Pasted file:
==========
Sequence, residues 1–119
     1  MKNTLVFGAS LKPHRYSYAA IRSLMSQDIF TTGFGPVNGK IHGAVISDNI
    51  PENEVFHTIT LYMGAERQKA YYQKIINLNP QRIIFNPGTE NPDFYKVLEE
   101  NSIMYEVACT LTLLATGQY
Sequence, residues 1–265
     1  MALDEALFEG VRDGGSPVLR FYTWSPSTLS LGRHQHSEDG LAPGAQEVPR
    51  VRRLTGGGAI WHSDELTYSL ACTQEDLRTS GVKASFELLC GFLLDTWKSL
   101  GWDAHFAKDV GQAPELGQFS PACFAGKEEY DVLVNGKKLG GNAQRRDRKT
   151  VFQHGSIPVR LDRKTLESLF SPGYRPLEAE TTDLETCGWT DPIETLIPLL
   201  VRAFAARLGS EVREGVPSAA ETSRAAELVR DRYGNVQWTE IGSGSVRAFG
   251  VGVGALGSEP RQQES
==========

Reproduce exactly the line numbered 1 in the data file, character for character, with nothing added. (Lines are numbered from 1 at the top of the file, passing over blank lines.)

Sequence, residues 1–119